Studies on Pb Free Ferroelectric Materials for Photovoltaic Applications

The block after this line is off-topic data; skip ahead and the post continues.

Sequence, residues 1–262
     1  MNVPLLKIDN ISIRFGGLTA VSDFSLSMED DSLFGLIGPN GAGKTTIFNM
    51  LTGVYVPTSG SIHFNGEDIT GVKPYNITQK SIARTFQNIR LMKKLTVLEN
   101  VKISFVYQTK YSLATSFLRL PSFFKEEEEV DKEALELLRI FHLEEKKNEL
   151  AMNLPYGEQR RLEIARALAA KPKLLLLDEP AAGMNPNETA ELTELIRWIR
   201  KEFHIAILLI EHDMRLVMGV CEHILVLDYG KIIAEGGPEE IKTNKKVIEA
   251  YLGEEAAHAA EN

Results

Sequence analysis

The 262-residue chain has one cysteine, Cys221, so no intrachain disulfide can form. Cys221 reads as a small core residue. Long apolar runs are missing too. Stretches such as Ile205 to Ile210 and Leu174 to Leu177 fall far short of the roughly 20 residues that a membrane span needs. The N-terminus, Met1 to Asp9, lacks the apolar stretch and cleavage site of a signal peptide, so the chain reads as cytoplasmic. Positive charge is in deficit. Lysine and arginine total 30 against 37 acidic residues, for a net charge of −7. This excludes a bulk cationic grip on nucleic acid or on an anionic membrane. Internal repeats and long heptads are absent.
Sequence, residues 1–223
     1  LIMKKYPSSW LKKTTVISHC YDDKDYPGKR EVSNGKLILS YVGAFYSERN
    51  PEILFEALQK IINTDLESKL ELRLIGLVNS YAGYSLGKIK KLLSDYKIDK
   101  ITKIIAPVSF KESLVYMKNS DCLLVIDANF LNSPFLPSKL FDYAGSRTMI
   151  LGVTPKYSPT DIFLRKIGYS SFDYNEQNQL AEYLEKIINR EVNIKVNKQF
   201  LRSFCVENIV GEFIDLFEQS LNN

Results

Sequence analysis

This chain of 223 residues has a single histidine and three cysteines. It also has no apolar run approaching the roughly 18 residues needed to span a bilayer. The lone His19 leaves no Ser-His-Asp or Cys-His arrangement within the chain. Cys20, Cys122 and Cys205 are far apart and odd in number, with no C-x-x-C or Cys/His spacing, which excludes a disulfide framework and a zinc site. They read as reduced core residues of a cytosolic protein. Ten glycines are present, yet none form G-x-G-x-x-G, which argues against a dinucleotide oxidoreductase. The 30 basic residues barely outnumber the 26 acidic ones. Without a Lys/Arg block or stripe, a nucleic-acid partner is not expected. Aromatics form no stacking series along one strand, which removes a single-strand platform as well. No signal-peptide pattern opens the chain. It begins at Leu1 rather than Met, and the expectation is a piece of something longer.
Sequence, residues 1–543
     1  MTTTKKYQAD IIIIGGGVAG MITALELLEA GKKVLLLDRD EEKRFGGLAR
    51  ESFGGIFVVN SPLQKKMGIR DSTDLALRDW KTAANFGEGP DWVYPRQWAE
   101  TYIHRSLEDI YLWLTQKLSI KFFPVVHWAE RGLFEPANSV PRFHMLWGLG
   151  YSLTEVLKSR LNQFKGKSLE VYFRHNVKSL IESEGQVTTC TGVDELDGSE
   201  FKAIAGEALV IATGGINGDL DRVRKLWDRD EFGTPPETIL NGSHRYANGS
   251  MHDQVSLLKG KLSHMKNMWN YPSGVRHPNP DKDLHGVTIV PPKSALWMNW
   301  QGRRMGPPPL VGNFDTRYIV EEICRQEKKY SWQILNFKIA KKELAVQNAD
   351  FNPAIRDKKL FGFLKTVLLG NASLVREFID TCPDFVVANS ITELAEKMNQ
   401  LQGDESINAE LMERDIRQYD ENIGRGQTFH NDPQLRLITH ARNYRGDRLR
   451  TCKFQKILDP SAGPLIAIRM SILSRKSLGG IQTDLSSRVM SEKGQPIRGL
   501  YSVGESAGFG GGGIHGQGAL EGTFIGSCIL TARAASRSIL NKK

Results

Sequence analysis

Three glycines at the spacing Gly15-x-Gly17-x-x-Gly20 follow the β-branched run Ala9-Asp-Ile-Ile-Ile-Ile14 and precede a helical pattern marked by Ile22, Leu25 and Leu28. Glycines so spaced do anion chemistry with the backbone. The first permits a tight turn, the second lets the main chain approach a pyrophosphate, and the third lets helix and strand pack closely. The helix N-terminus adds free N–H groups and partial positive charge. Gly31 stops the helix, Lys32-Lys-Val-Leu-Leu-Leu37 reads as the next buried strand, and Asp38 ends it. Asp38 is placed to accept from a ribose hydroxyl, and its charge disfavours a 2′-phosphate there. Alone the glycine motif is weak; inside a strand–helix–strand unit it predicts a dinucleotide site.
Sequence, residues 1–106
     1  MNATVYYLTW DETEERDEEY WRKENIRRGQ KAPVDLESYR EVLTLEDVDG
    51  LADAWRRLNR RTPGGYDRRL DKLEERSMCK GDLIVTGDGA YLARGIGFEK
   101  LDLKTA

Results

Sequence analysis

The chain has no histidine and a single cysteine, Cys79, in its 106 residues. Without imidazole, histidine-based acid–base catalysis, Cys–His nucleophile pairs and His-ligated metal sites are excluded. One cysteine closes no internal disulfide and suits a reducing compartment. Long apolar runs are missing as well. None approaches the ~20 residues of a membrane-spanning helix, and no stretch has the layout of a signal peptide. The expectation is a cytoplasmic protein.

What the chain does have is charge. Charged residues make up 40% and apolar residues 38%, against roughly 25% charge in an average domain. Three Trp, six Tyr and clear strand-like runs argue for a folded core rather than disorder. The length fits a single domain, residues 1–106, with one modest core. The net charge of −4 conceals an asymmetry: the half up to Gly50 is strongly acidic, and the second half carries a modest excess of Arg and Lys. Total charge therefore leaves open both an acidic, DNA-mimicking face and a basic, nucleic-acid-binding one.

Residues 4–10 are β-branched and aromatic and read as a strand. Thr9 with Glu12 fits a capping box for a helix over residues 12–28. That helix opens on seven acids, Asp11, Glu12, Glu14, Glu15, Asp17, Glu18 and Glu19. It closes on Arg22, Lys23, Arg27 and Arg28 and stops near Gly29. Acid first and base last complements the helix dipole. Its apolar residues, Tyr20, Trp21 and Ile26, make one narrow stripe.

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Ferroelectrics have shown a promising alternative material system for photovoltaic applications. High open circuit voltages in ferroelectric thin films have generated considerable interest in the field of ferroelectric photovoltaics in last the few years. The physical mechanism of photovoltaic effect in ferroelectrics is not completely understood compared to the semiconductor based photovoltaic technology. This dissertation investigates photovoltaic characteristics of ferroelectric films in an attempt to enhance the understanding of ferroelectric photovoltaics. This dissertation presents photovoltaic properties in ferroelectric materials in pure, doped and composite BiFeO3 (BFO) thin films. Thin films were fabricated by Pulse laser deposition (PLD) and RF magnetron sputtering techniques. The growth parameters of the films were optimized to get a pure phase of the thin films for achieving good ferroelectric characteristics for photovoltaic (PV) applications. A measurement setup was established to study PV characteristics of the devices with a light source. The photovoltaic characteristics of the cells on parameters, such as electrical poling, nature of top electrodes, and intensity of illumination, were investigated. The lead free ferroelectric materials with high remnant polarization have been characterized for photovoltaic applications. However the materials have shown high leakage characteristics due to Fe+2 ions, leaving oxygen vacancies into structures. The photovoltaic response was improved by applying low work function electrodes and separated charge due to light can be dragged with the external load. We studied photovoltaic effect in both configurations of electrodes in ferroelectric semiconductor materials. The more efficient light passing through electrodes was considered by utilizing transparent oxide electrodes of 2% Al doped ZnO. Alternative electrodes of mono/bilayer graphene were also utilized as suitable electrodes for collecting charges when exposed to the light on the sample. Apart from conventional (p-n) solar cells, we have proposed two mechanisms to understand the charge separation in ferroelectric materials in our dissertation for understanding of photovoltaic effect: (1). The photo-excited carriers are separated at nano-scale steps of the electrostatic potential at ferroelectric domain walls, and the photo-excited carriers are separated by macroscopic polarization over the whole film thickness. (2) The photogenerated electrons and holes are driven by the polarization-induced internal electric field (depolarization field) in the opposite directions toward the cathode and anode, respectively, and thus contribute to the photovoltaic output. A simple consideration of the polarity of the photovoltaic effect will not be able to distinguish between the two mechanism. Confirmation of the polarity of Voc and Jsc of the present cells after the application of the electric field revealed that the present photovoltaic effect is ascribed to the depolarization effect due to the incomplete screening. The transparent conductive oxides as a top electrode were carried out for the improvement of the photovoltaic properties in a ferroelectric film. Recent experimental investigations have provided strong evidences that ferroelectricity is able to exist in ultrathin film of a few nanometers with high quality ferroelectric films, it is therefore possible that the significant photovoltaic efficiency can become comparable or even exceed that of the currently dominant semiconductor-based photovoltaic materials.